04 January 2009

Violence and Class

I'm returning once again to the difficult question of whether Britain is more violent, more unpleasant than it used to be.

In the yes corner is Theodore Dalrymple, writing about public drunkenness.

On the no side, older acquaintances who talk of much more casual violence in the past than there is now, and just as much drunkenness.

I think the key to understanding what has changed is the change in class structure. Taking the 50s or 60s as a comparison, there was still a clear distinction between the professional class ("middle class" we would say, but that seems to mean something completely different in America, so I'll avoid the term), and the larger working class. Over the last half century, the two have merged into one (with arguably a non-working underclass forming or growing underneath, but that's another question altogether. Also the upper class has always been a law unto itself). That is not to say that professionals have ceased to be wealthier than manual workers, but they no longer have separate cultures.

That would explain the discrepancy - the previously staid professional class has lost its inhibitions, while the working class has the habits of the old working class but the aspirations of the professional class. They all mix without distinction, but those that remember the old middle class are now exposed, by the new mixing, to the activities of the working class that decades ago they would have never heard about, or at least ignored. Add to that the increased purchasing power of today's revellers, and there's no need to posit any fundamental change in attitudes.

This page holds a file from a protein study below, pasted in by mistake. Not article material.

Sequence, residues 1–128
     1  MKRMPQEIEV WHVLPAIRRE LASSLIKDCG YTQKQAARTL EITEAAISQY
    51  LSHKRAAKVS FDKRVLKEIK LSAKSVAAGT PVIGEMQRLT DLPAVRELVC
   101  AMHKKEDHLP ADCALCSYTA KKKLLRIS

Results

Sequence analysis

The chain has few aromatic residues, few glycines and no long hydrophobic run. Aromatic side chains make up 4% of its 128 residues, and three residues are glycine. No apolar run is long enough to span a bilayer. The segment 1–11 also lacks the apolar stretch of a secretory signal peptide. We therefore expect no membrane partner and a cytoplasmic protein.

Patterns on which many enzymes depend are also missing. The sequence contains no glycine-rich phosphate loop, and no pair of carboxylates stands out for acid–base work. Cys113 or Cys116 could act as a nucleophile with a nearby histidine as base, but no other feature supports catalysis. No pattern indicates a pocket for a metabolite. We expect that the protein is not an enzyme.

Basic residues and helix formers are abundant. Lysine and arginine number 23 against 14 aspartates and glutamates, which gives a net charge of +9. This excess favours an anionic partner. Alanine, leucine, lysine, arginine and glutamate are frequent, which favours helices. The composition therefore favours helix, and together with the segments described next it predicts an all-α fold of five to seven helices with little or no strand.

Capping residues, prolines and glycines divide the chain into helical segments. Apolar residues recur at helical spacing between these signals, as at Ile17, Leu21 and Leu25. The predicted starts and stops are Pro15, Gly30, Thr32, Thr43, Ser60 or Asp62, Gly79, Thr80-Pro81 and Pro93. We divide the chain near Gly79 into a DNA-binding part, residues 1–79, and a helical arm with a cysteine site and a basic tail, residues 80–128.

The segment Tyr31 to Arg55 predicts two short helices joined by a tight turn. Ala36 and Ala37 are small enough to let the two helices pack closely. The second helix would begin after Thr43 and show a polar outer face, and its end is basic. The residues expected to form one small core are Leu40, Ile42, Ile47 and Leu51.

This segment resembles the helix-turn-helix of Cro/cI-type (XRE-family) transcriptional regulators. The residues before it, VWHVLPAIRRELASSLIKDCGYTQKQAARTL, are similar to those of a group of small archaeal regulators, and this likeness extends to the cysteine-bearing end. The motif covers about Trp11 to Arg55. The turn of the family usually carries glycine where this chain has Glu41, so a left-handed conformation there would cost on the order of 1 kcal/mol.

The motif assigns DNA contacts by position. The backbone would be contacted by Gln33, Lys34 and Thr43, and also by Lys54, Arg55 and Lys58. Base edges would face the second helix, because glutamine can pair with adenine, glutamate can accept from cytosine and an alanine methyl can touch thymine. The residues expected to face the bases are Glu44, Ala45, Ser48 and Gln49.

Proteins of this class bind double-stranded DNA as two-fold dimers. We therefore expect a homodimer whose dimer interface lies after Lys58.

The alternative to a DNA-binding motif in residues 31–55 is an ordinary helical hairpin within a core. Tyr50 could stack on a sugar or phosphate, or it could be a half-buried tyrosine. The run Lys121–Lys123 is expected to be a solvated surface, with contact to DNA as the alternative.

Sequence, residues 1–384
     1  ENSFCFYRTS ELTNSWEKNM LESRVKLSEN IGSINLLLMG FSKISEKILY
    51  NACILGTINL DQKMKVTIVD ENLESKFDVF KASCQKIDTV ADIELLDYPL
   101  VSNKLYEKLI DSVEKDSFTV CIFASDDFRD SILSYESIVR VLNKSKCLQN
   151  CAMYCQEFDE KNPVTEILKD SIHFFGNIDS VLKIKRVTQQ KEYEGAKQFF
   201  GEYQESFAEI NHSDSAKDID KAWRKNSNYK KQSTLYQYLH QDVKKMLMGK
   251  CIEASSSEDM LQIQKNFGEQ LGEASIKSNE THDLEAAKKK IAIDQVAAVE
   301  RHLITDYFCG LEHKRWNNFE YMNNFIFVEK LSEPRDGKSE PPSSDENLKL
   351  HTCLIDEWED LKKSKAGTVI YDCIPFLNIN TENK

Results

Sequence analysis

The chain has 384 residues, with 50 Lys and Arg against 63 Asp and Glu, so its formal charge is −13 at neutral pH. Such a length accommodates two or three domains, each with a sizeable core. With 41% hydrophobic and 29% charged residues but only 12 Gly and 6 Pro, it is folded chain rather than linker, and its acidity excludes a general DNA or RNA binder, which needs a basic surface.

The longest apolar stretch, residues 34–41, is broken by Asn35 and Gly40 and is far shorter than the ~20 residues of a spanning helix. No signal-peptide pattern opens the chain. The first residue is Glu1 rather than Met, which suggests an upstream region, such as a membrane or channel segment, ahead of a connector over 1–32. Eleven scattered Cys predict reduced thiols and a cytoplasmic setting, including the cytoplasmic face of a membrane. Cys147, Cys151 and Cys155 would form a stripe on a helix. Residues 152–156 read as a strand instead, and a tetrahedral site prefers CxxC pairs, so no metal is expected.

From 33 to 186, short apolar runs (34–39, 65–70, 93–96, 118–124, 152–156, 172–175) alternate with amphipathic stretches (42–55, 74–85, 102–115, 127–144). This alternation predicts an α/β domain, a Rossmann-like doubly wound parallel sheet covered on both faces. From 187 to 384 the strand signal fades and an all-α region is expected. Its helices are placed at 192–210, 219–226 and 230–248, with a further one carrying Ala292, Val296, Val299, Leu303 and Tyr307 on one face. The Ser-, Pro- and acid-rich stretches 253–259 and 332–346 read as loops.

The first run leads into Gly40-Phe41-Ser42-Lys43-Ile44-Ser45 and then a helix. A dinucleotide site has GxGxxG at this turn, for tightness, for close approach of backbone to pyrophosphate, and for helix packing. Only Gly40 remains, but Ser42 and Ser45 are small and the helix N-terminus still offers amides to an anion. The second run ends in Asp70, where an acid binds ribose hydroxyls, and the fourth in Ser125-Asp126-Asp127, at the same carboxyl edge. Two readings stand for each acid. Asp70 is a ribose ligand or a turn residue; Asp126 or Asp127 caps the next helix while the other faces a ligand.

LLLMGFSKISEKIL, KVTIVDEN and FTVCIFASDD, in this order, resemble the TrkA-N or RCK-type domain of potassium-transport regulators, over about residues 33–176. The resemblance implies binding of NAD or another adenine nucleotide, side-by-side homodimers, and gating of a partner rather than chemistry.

I'm not sure I've got the right explanation (I wasn't there), but it is important. A lot is riding, policy-wise, on whether we are facing a major increase in violence and drunkenness, or whether it is all just business as usual, blown out of proportion by the press and the nanny state.

Even if I'm right, it doesn't mean there's nothing to worry about. It means there used to be a powerful section of the population which believed it was above punch-ups in clubs and drinking to unconsciousness on the street, and now there isn't. If something useful could be done, then something ought to be done. I have no useful suggestions, however - the bansturbation approach towards special offers in supermarkets, opening hours, drinks on trains etc. is as useless as it is offensive to liberty, and it's not possible for a democratic state to clamp down on behaviour most people think of as normal.

There's no route back to the past, of course. Dividing people back into professional and non-professional classes with different mores would cut off the economy from too many potential skilled resources, quite apart from the question of justice and equality of opportunity.

If there's any dynamic that could drive up standards, it's age. People do tend to grow out of destructive behaviour. If the authority of older people could somehow be increased, that might create some restraint on the young.

It will be interesting over the next few years to see how things change in a recession. The long boom may be partly to blame for irrational exuberance in the streets.

See also this earlier post where I suggested a less developed version of this idea

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